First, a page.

Last week, the terrible news came that Odessa has lost its greatest living legend. The filmmaker Kira Muratova died at the age of 83 after a prolonged illness. Muratova was widely considered to be the greatest living filmmaker in Ukraine, the last titan of the classical era of Soviet film and likely the most idiosyncratic filmmaker of her generation. Starting in the early 1960s, Muratova made a series of films which utilized postmodern and surrealist techniques, scandalizing the officialdom and eschewing the prevailing doctrine of socialist realism. Muratova’s work is notable for being ardently loved by some and completely incomprehensible to others, often relying on building a picture of the society out of mosaic-like pieces.
Muratova was born in 1934, in the Romanian town of Soroka, which is now located in Moldova. She graduated from the renowned Gerasimov Institute of Cinematography in Moscow (universally known as the VGIK), before returning to Odessa to work at the Odessa film studio and make a string of improbable films during which outlasted the Soviet Union by a quarter century that followed Ukrainian independence. Muratova’s work could not be categorized in any one particular genre; she was a genre on to herself. Her film language is poetic, absurd, and recognizable from the first frame. As with any auteur’s cinema, the audience deals with her attitude from the first moment of the film onward. The world that Muratova creates across her cinematic universe is ridiculous and senseless, a delirious dream which she populated with odd characters and amateur actors from Odessa. The filmography is in fact a miniature anthropology of the absurd character of the city. Muratova’s renowned fetishism for odd character actors was referenced by this years Cannes prize-winner, Sergei Loznitsa, who cast some of them in his last film “Donbass”, where the absurdity of fake news reaches an apogee.
In one of my favorite scenes from her movie Three Stories, a woman who had been abandoned by her mother finds her as an adult and plots to kill her, only to walk past an elderly woman and her own ancient mother as they strain to communicate through a veil of deafness and misunderstanding, yelling from the street to the balcony: “Mother, why don’t you call me?” “Why don’t you call me my dear?” “I am worried!” “I get so worried!”
Muratova’s early films included 1967’s Brief Encounter (where she herself plays the main role paired with the legendary bard, Vladimir Vysotsky), and 1971’s The Long Departures. Both were subject to severe censorship. In 1990, her drama Asthenic Syndrome received a special jury prize from the Berlin Film Festival. Right before the collapse of the Soviet Union, Muratova managed to capture the new era of spiritual hibernation and the general collapse of hopes that have found their continuation in the post-Soviet space. And the films that followed the collapse of the Soviet Union next films were no less radical and comical in their absurdity.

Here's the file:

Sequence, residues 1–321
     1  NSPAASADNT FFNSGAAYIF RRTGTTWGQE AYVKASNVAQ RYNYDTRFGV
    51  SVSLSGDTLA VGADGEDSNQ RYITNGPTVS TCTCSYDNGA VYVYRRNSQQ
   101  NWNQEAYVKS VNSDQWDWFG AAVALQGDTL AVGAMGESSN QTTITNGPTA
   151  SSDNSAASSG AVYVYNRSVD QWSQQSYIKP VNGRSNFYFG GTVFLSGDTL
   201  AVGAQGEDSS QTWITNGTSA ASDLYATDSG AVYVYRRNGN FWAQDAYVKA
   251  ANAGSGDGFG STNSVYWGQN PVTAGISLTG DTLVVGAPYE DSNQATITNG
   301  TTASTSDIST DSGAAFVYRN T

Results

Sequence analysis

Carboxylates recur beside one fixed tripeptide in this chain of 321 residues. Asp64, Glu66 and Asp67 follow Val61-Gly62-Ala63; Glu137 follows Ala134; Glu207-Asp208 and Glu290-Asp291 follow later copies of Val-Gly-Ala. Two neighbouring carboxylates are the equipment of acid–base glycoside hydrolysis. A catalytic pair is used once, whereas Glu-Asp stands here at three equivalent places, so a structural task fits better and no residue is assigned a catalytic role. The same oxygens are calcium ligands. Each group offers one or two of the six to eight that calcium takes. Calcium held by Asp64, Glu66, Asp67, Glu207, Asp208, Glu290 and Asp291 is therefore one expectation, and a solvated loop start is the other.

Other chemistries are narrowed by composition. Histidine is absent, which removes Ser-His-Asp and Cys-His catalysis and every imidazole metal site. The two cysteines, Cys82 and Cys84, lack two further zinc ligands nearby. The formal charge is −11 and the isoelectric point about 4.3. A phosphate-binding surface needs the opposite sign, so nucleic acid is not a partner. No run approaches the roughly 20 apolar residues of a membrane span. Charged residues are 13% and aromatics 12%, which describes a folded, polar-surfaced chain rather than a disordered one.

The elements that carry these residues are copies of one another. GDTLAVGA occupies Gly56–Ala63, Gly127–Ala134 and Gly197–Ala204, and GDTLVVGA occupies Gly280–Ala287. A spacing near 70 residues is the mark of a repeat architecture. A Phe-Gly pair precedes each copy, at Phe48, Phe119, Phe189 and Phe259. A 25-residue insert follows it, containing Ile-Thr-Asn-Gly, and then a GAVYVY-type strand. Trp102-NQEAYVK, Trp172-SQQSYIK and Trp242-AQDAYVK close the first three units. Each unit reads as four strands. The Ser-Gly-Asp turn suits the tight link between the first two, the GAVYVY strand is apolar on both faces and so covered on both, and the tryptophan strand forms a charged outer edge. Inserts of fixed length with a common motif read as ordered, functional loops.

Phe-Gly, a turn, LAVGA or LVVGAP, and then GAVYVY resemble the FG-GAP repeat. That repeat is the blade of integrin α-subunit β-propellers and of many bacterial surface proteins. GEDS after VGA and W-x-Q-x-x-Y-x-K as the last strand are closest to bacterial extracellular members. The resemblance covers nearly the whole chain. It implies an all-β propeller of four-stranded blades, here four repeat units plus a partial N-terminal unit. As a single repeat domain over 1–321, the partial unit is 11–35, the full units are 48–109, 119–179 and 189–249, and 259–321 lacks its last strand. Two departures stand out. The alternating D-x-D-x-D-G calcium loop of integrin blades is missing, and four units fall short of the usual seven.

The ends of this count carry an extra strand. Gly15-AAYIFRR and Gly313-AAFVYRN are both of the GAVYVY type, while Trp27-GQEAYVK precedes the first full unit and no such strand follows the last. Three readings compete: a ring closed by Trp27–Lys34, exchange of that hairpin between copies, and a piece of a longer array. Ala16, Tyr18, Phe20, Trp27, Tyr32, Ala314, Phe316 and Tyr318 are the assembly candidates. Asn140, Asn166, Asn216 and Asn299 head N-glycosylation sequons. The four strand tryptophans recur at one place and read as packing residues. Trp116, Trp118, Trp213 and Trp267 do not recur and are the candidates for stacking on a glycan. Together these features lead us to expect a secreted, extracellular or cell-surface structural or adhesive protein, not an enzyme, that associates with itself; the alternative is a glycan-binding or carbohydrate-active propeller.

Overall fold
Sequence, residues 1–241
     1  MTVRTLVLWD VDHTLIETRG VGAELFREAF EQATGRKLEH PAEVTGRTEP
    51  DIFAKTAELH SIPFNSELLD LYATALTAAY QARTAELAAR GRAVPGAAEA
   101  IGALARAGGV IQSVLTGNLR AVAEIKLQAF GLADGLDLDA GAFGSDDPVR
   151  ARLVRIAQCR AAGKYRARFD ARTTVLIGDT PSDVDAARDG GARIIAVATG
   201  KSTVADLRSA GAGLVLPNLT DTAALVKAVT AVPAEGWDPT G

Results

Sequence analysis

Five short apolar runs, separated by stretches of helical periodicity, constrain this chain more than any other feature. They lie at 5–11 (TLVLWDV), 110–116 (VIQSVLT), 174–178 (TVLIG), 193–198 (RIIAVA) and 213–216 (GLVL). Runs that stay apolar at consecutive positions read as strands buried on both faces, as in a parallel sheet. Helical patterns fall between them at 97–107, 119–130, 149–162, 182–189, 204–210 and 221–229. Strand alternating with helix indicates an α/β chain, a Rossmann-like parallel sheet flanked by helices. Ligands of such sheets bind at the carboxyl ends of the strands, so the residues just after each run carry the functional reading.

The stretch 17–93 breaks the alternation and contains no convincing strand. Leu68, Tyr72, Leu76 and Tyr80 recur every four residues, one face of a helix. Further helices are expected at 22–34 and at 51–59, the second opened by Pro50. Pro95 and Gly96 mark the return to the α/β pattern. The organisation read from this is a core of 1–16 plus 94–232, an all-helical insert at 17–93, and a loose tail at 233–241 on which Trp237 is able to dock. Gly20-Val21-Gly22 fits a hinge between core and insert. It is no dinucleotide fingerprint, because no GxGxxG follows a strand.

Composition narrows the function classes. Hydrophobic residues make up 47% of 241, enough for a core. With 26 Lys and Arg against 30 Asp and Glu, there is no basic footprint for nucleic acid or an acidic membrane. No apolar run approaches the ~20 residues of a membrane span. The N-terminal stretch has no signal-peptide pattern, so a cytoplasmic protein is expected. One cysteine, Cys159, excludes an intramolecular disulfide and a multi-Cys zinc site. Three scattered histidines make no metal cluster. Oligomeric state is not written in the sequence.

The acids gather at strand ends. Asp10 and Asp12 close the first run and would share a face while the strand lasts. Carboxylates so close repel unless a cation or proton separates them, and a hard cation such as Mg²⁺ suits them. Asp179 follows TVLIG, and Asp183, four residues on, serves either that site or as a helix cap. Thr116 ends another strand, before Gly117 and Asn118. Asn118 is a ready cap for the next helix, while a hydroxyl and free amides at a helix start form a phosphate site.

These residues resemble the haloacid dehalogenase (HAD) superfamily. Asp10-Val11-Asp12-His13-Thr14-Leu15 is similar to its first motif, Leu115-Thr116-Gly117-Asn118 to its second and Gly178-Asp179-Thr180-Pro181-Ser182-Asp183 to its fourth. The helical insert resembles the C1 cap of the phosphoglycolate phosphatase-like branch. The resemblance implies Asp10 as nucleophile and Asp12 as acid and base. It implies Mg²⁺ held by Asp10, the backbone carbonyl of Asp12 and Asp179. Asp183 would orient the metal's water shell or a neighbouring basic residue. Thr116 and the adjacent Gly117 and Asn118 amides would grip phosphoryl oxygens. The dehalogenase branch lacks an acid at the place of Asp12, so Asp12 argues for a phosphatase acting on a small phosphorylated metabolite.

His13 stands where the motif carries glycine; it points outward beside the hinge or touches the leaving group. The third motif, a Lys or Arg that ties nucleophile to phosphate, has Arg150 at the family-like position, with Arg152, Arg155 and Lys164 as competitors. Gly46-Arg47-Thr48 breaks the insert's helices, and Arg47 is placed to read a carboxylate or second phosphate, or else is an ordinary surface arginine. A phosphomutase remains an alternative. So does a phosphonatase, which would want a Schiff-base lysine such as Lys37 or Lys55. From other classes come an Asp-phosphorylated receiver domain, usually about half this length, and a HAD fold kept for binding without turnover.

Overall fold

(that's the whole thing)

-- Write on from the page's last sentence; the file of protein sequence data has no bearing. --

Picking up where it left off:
When I was 20 years old, I had only three dreams: To study in Paris, to hear the barefooted Cesária Évora live in concert, and to become acquainted with Kira Muratova, whose films transformed my youthful consciousness. That last dream was not unique to myself. Muratova was a legendary and elusive figure, and exchanging stories of running into her on the street or in a store was a popular pastime for real Odessans. These stories had the intimation of having been a sacred meeting with the Buddha himself. My own acquaintance with her took place at the casting of her 2004 film Adjuster, where I auditioned for a minor role playing a saleswoman who is told of the possible castration of her beloved cat.
Sadly, this was several days before I was due to leave the city for Paris, when I enrolled in 2004 at the Paris Faculty of Cinematography, and my acting debut never did take place. Several years later, I would return to Odessa with my first student short film, and invited her to a screening. Due to her misanthropic nature, she naturally refused to attend such events, instead watching the film at home that evening. Muratova calling to me to tell me that she enjoyed the film was the highest praise I could receive, and crystallized my intention to continue making films. In the last years of her life, Kira Muratova did not appear in public, mostly avoided seeing people, and gave few interviews. However, in one of the few interviews she did give toward the end she admonished us for wanting to make a monument of her life rather than her films: “I do not want or need a documentary to be made about me. Diaries and everything else that I wrote, I want to burned. And spread my ashes, throw me in the trash, give me to the zoo to be eaten by the beasts … I only want the films to remain of me–that is all. “